Southeast Asia remains one of the most popular tourist destinations in the world, with about 140 million visitors per year before the pandemic. One of the main reasons why so many tourists are attracted to this region, besides its rich culture, is the opportunity to come into contact with some of the purest and most well-preserved natural areas in the world.
Indeed, in some of the most visited countries in this area, like Cambodia, Thailand or Vietnam, there are numerous islands, beaches and forests, which offer the possibility of going on beautiful hikes or simply admiring astonishing natural wonders.
However, if we want to enjoy the beauty that nature offers in these countries for generations to come, it is necessary to preserve these areas, to take special care of them and treat them with the utmost respect.
During the first days of the pandemic, many thought that COVID-19 would mark a turning point regarding tourism and the preservation of local nature. In fact, it was thanks to the bans imposed during this period that the impact of mass tourism on nature became particularly clear.
Thanks to the travel restrictions and the absence of mass tourism, some tourist areas in Asia could again rehome animals that had been displaced, and other natural areas regained a state of balance that had been lost for many years.
Recent development of sustainable tourism in Southeast Asia
In order to attract as many tourists as possible and at the same time contribute to the preservation of the beauty of their natural sites, many countries in Southeast Asia are introducing important changes in the way they manage their tourism industry.
These efforts are aimed at creating a form of tourism that, while remaining attractive to tourists, has a lesser impact on the environment.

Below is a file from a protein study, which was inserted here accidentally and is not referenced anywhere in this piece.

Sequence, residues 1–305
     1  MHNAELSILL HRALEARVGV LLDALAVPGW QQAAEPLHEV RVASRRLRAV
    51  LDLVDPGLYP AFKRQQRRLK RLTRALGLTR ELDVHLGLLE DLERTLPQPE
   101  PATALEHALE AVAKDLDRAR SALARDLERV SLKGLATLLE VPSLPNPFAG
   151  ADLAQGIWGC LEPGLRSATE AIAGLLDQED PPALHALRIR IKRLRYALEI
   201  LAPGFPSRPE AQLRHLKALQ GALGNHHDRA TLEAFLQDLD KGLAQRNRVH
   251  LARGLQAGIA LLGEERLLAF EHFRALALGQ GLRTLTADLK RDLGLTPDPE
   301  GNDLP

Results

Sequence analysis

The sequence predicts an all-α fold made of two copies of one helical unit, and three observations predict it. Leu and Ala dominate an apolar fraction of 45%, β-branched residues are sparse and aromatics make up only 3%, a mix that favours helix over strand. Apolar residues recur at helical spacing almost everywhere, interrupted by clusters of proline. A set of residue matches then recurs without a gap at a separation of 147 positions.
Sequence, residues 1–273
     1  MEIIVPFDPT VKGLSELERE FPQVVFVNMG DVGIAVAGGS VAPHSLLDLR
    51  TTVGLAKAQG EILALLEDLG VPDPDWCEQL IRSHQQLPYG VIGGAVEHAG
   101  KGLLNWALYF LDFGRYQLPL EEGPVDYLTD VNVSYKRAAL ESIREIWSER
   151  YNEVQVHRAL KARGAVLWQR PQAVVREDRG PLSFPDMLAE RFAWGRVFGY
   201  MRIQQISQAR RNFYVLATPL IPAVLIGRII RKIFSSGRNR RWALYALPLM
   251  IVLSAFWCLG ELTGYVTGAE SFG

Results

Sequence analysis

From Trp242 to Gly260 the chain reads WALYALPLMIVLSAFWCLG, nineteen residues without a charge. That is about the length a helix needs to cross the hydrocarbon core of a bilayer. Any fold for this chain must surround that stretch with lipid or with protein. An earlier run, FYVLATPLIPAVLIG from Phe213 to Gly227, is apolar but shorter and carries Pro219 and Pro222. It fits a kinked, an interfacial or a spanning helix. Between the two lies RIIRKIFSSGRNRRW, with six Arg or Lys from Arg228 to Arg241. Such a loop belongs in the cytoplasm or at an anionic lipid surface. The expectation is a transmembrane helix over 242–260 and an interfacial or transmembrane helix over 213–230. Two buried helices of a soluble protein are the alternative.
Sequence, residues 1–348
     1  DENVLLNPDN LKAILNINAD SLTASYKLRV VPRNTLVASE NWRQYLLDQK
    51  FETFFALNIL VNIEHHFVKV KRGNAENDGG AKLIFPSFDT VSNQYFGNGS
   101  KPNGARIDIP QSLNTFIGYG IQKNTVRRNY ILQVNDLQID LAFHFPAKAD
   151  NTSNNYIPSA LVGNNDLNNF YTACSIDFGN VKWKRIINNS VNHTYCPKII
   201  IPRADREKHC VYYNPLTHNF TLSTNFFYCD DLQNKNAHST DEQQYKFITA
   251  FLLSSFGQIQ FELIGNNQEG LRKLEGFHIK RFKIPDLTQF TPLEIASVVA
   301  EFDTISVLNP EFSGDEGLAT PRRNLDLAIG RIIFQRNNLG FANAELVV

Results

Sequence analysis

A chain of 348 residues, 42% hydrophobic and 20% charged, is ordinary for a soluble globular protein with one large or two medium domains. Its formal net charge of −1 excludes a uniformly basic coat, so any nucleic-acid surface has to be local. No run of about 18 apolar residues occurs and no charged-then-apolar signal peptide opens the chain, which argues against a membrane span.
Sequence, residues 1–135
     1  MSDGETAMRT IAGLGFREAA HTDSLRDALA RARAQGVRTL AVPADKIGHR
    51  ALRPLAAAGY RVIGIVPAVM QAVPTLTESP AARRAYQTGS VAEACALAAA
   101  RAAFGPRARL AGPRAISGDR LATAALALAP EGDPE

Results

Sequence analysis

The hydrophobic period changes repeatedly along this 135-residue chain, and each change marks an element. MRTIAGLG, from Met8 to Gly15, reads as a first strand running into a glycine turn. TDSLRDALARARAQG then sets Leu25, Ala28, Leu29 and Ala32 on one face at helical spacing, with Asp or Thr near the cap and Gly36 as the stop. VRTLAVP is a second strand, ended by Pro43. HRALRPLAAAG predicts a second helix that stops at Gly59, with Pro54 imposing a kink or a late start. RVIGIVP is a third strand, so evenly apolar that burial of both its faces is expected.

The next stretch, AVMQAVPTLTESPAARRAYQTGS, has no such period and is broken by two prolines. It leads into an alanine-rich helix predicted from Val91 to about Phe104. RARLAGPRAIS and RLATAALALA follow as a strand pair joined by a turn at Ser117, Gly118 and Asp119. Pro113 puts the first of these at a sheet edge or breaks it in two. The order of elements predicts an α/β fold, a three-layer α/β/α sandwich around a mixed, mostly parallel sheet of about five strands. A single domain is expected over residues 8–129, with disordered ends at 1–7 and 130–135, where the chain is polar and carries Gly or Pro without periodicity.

In this way, it is hoped that the natural beauty of these areas will be preserved for future generations to visit. Some countries are doing more than others to carry out these projects, but in general it can be said that the increasing focus on the environment is a growing trend.
It must be said, however, that a gap remains between the theory of sustainable tourism and its actual implementation. This is probably due to the lack of understanding between the tourism industry and the various political actors in the field of tourism.
The introduction of any form of sustainable tourism necessarily requires the cooperation of all stakeholders, including governments and local communities.
The implication of the different governments in the implementation of ecotourism could therefore be an important factor in filling this gap. The tourists themselves also play a key role in this perspective.
In fact, it is also up to the travellers to show the necessary sensitivity and prefer travel modes that show more respect for the local places and culture. No doubt, once one has admired the natural beauty of countries like Cambodia or Vietnam, the importance of preserving these places becomes even clearer.
Don’t forget to apply for your visa
To visit the countries in this beautiful region, you need to apply for a visa. Fortunately, it is now extremely easy to apply online for an eVisa to Vietnam, for example.
Applying for an electronic visa allows you to get your travel authorisation in a few days without having to visit any embassies or consulates. For example, to obtain a visa Vietnam, the estimated turnaround time for a regular application is one week, while in the case of an urgent application the visa is approved within three days.
You should also pay attention to the requirements for obtaining and using a visa. For example, did you know that you can only enter and leave Vietnam through certain airports?
Find out more about these and other Vietnam visa requirements before you travel.